Thoughts on A.I.
Category likeness to » . Added to Authentic Society 5 years ago.
I've long been interested in A.I. As a kid I dreamed of having an attic full of tape recorders that when turned on in sequences could say words. One word per recorder. This was long before th days of speak and spell. I thought at that time, that if I got that far, then the rest of the A.I. would be obvious. Of course the definition of intelligence moves as rapidly as thought and always farther and farther away. At one time, a chess playing computer would have been thought of as proof of intelligence, but within milliseconds of it working the definition moved beyond.
Currently my ideas of intelligence has evolved to the point where it no longer matches the normal society's views. My belief is that intelligence has a very specific purpose, depending on the needs of the creature. A cheetah is built for speed, and in my view is intelligent in the ways of cheetah speed. (See? It's a different definition). I believe that intelligence is strongly linked to the physical being. If this is accepted as true, then it follows that intelligence is also strongly linked to how that physical being interacts with the environment. If you cannot interact with your environment you have no intelligence. This can be shown experimentally with animals, deprived of sensory input and output. They cannot cope with the world.
So far, my definition for intelligence is I = i * o (where i is input, and o is output).
But obviously the ability to think problems through without input or output is also a sign of intelligence. If you can plan something in your head, and then carry out that plan, you have shown you have intelligence. Even if you do not carry out the plan, someone else could take the plan you made and carry it out, so the planning itself is indicative of intelligence.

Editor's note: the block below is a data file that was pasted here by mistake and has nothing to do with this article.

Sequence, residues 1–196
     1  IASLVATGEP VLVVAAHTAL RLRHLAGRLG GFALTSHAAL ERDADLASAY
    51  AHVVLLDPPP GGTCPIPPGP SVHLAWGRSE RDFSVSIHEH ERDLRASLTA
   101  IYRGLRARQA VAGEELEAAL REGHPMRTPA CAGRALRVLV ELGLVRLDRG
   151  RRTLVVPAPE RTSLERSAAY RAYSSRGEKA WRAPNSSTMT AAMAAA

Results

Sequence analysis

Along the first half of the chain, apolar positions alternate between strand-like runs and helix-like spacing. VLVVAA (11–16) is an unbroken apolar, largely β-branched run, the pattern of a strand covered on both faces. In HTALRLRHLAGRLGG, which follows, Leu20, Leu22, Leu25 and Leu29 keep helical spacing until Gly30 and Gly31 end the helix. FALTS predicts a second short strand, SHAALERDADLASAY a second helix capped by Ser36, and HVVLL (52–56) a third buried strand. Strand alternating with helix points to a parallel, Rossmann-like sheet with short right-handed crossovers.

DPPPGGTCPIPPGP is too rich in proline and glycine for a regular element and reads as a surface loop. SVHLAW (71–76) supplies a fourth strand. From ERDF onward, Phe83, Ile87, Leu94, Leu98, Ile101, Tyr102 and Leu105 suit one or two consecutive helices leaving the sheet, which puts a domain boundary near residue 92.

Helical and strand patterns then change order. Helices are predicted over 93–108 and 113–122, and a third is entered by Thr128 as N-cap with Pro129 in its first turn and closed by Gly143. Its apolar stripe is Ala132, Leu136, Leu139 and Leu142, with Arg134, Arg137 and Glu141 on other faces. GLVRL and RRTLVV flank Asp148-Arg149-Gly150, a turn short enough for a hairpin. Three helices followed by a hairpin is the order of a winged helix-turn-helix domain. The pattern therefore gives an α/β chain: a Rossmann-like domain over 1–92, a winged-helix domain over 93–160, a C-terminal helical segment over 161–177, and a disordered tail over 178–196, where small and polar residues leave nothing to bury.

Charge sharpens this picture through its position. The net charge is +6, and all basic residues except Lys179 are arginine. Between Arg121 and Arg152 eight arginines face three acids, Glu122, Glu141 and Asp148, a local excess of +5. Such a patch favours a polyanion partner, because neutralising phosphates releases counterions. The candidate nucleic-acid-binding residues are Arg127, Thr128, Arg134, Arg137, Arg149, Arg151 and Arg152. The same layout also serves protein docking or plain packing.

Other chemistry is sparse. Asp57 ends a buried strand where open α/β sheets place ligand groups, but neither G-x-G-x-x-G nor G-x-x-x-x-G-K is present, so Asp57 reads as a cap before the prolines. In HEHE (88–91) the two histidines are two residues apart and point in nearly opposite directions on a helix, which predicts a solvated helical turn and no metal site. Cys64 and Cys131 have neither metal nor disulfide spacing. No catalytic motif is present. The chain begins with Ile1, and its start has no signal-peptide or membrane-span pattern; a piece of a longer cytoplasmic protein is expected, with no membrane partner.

So now my definition for intelligence is I = i * o * p (where p is the ability to plan)
A chess program is intelligent in the ways of chess. A chess program has I/O (limited to the chess board) and has the ability to plan. So a chess program fits my definition of intelligence. Humans are intelligent in many ways, and this is a secondary definition. Einstien has problems with simple math, like counting change, but was able to think outside the box and come up with amazingly accurate ideas of how the world worked. So was he intelligent? In some ways very much, but in others, not so much. For example, in the matter of cheetah speed, he wasn't very intelligent at all. In the matter of inventiveness, he was highly intelligent. He was also able to interact with the world in the same way as most humans do. So intelligence is defined as the ability to interact with the world in multiple ways. He was considered above average intelligence because he could not only interact with the world like a human does, but also think in ways beyond most people.
The multiple ways of being intelligent I call N. So my final definition of intelligence is:
I = i * o * p * N
where i is input, o is output, p is the ability to plan, and N is multiple ways of doing these things.
In the realm of AI, this means,
input is multiple sensors.
output is the ability to interact with your environment.
p is the ability to see the relationship between the input and the output
N is the ability to see relationships within the relationships.
On a more practical level I've been working on a library for AI for quite a while. I'm thinking of scrapping it (yet again) and starting over, keeping the best parts and carrying on. I'll talk more about it in the next article.
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